Cap-clearing moves a sign Canadiens will be players in free agency

Hockey Central's Elliotte Friedman joins Sportsnet 590 The FAN to speculate on what Montreal Canadiens GM Marc Bergevin will do as NHL free agency is about to open.

MONTREAL – They were a couple of moves made to open up a plethora of possibilities for the Montreal Canadiens.

On Sunday, just before trading bruising winger Nicolas Deslauriers and his $950,000 cap hit to the Anaheim Ducks for a fourth-round pick in 2020, Canadiens general manager Marc Bergevin announced the club traded 27-year-old winger Andrew Shaw and a 2021 seventh-round draft pick to the Chicago Blackhawks for a second-round pick, a seventh-round pick in 2020 and a third-rounder in 2021. That he didn’t retain any salary in either deal – Shaw’s contract runs through 2022 and carries a $3.9-million annual cap hit – is a clear sign he intends to be active when the NHL’s free agent market opens on Monday.

The Canadiens have cast a wide net since the free-agent courting period started one week ago. Star centre Matt Duchene met with Bergevin on Wednesday, goaltender Keith Kinkaid was at their south-shore practice facility for a meeting on Thursday, and the team has reportedly checked in on several other players – defenceman Jake Gardiner, wingers Wayne Simmonds, Corey Perry, Micheal Ferland and Anders Lee and goaltender Curtis McElhinney among them.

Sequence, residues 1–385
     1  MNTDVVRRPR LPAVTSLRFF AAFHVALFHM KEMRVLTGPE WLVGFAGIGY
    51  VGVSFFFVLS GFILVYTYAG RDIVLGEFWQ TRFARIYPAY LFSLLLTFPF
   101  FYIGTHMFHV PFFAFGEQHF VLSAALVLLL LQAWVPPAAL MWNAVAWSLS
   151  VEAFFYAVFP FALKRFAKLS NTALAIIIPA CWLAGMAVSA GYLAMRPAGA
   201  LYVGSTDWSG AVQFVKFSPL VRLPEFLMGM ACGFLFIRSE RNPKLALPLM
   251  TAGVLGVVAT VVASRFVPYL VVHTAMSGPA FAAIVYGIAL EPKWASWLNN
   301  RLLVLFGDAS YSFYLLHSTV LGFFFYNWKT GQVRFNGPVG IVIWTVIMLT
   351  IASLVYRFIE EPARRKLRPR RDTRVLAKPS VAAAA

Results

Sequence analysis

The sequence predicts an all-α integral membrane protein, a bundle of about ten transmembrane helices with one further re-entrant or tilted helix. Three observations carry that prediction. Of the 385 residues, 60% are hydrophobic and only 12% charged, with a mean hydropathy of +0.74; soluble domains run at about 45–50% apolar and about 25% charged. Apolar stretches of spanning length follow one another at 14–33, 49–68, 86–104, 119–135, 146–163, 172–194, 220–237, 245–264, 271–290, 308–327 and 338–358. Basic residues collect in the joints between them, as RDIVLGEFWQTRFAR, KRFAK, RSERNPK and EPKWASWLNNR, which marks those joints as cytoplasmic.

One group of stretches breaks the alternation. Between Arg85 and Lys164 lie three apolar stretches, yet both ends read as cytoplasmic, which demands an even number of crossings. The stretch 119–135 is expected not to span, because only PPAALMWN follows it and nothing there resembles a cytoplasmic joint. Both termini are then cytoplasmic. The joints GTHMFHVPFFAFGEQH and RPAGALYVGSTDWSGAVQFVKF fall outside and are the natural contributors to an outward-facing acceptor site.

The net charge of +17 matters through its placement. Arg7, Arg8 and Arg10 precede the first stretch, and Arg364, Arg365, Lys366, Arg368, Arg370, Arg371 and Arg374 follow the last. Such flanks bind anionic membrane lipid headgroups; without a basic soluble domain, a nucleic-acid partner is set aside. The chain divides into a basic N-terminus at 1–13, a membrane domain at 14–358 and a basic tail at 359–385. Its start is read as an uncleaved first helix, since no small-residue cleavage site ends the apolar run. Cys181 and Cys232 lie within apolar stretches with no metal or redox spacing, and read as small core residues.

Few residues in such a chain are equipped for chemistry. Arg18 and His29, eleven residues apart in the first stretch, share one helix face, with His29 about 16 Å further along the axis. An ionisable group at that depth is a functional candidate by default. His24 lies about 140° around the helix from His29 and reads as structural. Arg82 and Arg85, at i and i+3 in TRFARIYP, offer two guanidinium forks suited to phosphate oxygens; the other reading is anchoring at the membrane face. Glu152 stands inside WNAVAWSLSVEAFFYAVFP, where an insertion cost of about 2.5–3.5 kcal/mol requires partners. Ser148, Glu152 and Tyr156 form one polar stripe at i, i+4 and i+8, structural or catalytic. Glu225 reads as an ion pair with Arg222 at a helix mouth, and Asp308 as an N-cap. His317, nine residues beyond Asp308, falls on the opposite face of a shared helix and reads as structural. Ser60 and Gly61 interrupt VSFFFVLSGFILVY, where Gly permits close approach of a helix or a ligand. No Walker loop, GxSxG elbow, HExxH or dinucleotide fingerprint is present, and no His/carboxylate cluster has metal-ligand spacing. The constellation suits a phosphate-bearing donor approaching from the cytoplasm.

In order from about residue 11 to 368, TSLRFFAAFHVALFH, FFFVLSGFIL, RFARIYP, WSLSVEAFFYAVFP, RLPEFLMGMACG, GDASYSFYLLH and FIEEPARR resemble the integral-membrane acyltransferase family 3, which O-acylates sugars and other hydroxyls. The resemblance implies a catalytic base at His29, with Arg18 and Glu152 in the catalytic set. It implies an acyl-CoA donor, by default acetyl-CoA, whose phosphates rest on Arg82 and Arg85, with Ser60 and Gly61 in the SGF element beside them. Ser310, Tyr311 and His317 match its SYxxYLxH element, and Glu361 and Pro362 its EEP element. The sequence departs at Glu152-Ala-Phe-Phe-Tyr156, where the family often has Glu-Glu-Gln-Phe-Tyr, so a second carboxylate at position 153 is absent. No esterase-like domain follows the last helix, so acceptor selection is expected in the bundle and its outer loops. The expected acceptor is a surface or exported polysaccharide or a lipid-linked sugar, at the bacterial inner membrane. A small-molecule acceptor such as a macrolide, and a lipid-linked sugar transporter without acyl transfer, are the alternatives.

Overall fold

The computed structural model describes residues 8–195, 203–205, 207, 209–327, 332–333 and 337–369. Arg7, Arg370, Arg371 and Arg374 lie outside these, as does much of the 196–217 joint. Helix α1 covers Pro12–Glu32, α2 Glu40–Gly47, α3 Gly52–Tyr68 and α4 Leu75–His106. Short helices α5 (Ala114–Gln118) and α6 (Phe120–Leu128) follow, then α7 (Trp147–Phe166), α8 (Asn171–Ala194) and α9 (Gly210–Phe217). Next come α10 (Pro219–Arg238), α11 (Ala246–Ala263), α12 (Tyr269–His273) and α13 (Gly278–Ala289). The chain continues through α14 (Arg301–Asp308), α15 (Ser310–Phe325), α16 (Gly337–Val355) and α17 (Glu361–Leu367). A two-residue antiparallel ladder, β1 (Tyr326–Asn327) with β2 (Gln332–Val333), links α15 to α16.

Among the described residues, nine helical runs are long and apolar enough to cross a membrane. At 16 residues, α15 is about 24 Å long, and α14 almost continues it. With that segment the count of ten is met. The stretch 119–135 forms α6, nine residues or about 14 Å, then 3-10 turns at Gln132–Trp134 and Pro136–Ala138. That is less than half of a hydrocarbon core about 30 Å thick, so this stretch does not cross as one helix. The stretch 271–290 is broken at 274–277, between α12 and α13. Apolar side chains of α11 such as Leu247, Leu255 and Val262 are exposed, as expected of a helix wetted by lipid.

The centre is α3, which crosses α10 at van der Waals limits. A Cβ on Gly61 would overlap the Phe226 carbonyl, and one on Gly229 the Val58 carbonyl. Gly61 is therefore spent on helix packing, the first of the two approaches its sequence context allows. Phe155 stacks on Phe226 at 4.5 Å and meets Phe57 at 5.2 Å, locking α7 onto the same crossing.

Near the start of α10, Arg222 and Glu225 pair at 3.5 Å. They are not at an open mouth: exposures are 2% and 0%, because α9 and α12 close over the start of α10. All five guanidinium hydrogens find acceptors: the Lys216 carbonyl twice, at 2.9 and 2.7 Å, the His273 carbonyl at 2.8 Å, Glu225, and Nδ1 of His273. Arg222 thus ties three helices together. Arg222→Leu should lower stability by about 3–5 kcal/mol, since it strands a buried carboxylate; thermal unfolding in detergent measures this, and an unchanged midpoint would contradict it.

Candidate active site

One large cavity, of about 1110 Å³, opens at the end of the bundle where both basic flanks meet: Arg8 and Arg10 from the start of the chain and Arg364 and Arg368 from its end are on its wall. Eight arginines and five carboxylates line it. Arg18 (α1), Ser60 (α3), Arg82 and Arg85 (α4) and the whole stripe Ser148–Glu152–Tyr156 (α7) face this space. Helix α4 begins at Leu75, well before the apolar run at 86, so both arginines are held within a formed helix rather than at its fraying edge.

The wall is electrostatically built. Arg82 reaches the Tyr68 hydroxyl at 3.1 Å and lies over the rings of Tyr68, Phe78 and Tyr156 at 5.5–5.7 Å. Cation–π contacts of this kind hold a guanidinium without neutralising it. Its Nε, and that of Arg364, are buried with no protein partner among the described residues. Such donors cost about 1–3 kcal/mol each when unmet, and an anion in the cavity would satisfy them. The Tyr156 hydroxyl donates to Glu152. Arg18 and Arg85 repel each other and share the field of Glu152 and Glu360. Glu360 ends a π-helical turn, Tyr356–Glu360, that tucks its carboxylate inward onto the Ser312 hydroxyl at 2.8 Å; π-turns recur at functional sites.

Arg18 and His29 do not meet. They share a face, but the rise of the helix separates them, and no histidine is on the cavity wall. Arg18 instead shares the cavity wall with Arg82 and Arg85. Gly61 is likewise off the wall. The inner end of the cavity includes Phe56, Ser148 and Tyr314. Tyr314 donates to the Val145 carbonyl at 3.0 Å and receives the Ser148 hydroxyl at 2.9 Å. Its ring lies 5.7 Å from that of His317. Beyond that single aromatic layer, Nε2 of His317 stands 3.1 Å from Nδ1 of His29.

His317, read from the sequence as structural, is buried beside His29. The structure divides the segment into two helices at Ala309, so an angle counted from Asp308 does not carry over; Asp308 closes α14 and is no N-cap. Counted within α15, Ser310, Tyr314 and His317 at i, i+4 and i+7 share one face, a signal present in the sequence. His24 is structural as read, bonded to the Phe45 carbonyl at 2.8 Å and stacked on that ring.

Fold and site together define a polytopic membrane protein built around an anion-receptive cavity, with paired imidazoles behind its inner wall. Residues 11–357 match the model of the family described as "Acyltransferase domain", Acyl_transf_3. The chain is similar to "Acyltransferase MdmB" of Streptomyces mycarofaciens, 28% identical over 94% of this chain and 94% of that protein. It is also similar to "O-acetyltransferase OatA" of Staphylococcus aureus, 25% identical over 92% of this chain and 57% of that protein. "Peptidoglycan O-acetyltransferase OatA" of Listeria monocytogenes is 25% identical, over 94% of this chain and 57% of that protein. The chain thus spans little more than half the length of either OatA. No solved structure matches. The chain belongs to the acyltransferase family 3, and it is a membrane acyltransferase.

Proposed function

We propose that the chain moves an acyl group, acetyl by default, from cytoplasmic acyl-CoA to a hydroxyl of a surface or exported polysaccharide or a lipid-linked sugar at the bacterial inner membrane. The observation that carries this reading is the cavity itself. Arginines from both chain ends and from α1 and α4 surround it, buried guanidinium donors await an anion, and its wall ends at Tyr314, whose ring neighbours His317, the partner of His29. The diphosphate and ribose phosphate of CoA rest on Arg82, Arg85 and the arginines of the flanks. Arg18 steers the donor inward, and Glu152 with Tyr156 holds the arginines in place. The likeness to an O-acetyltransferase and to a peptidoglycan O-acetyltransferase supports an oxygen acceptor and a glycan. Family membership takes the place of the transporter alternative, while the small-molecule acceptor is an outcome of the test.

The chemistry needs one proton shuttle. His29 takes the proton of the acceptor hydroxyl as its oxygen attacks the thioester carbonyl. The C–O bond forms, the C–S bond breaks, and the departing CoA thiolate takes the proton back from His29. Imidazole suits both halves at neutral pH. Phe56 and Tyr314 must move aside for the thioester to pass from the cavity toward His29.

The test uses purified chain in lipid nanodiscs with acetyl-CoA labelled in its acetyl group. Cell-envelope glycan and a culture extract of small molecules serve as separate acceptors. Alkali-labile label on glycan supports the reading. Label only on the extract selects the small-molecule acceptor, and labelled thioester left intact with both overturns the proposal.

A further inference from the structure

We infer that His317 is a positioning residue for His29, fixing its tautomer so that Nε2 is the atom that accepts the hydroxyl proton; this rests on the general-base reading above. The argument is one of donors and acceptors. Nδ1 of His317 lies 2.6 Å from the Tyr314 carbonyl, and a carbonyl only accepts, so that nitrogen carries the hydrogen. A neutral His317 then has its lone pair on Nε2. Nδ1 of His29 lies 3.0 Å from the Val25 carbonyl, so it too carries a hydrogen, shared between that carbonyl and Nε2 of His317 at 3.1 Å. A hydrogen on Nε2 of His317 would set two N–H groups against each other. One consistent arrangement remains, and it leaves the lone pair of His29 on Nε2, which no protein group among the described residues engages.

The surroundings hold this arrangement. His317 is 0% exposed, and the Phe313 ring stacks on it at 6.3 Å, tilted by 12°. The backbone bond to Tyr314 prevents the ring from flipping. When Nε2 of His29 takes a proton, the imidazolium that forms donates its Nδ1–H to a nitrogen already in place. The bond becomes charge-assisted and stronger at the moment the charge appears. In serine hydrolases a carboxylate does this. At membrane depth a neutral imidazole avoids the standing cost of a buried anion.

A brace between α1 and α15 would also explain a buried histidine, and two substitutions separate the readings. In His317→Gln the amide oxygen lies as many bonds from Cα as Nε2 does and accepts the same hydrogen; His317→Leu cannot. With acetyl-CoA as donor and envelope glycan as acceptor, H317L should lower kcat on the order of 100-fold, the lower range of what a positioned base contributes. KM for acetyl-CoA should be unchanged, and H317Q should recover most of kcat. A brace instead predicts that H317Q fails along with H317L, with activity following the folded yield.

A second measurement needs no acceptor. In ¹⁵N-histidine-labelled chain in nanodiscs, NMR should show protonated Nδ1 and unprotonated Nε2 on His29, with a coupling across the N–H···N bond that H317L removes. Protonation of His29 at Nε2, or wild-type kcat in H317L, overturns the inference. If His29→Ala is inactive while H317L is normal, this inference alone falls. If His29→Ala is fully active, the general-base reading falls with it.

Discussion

With 22 players signed to their NHL roster, and the Shaw and Deslauriers trades opening up space to give them a $13.5-million cushion under the $81.5-million upper limit of next year’s salary cap, significant change is almost certainly on its way to the team that finished with 96 points and out of playoff spot this past season.

Granted, restricted free agents Artturi Lehkonen, Joel Armia and Charles Hudon are expected to eat up a portion of that cap space if/when they agree to new contracts in the coming weeks/months, but not so much that the Canadiens can’t address at least some of their needs in free agency.

Their most pressing one is on left defence, and not obtaining a player at the position in the Shaw or Deslauriers trades could mean the Canadiens have a strong belief they’ll land Gardiner. Or it could mean they’ll come to terms on contracts with one of the lower-profile left-handed defencemen available and use some of their space on one or two of the aforementioned wingers.

It’s all but guaranteed they’ll spend a small amount on a goaltender, an experienced player who can be counted on to play at least 20 out of 82 games and lighten starter Carey Price’s load.

But the most intriguing possibility is Duchene, the centre who scored 31 goals and 70 points in 73 games split between the Ottawa Senators and Columbus Blue Jackets this past season. Duchene, who had five goals and 10 points in the Stanley Cup Playoffs this past spring.

It’s long been suspected the 28-year-old Haliburton, Ont., native intends to sign with the Nashville Predators, with Sportsnet’s Chris Johnston reporting Sunday night he is expected to do so. Predators general manager David Poile trading all-star defenceman P.K. Subban and his $9-million annual average salary through 2022 to the New Jersey Devils at last week’s draft, in what was he categorized as a pure cap-clearing move (prospects Jeremy Davies and Steven Santini and a pair of second-round picks were acquired) only further stoked speculation that Duchene would land in Tennessee.